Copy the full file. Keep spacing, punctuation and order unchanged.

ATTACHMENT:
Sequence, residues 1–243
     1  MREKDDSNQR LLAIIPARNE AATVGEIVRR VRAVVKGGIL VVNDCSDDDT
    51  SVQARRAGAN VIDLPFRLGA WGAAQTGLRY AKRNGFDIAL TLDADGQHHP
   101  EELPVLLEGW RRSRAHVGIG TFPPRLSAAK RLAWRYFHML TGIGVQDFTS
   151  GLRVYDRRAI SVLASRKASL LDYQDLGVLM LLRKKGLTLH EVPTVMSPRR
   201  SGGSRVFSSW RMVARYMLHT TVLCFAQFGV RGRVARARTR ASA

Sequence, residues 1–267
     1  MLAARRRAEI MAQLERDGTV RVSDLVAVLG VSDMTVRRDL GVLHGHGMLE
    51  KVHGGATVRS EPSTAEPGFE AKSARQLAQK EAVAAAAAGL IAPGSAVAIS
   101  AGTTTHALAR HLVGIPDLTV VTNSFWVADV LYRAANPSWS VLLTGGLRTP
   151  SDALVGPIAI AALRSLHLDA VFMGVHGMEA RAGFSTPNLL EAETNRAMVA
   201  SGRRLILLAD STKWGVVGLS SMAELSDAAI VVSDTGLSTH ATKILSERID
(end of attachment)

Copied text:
Sequence, residues 1–243
     1  MREKDDSNQR LLAIIPARNE AATVGEIVRR VRAVVKGGIL VVNDCSDDDT
    51  SVQARRAGAN VIDLPFRLGA WGAAQTGLRY AKRNGFDIAL TLDADGQHHP
   101  EELPVLLEGW RRSRAHVGIG TFPPRLSAAK RLAWRYFHML TGIGVQDFTS
   151  GLRVYDRRAI SVLASRKASL LDYQDLGVLM LLRKKGLTLH EVPTVMSPRR
   201  SGGSRVFSSW RMVARYMLHT TVLCFAQFGV RGRVARARTR ASA

Sequence, residues 1–267
     1  MLAARRRAEI MAQLERDGTV RVSDLVAVLG VSDMTVRRDL GVLHGHGMLE
    51  KVHGGATVRS EPSTAEPGFE AKSARQLAQK EAVAAAAAGL IAPGSAVAIS
   101  AGTTTHALAR HLVGIPDLTV VTNSFWVADV LYRAANPSWS VLLTGGLRTP
   151  SDALVGPIAI AALRSLHLDA VFMGVHGMEA RAGFSTPNLL EAETNRAMVA
   201  SGRRLILLAD STKWGVVGLS SMAELSDAAI VVSDTGLSTH ATKILSERID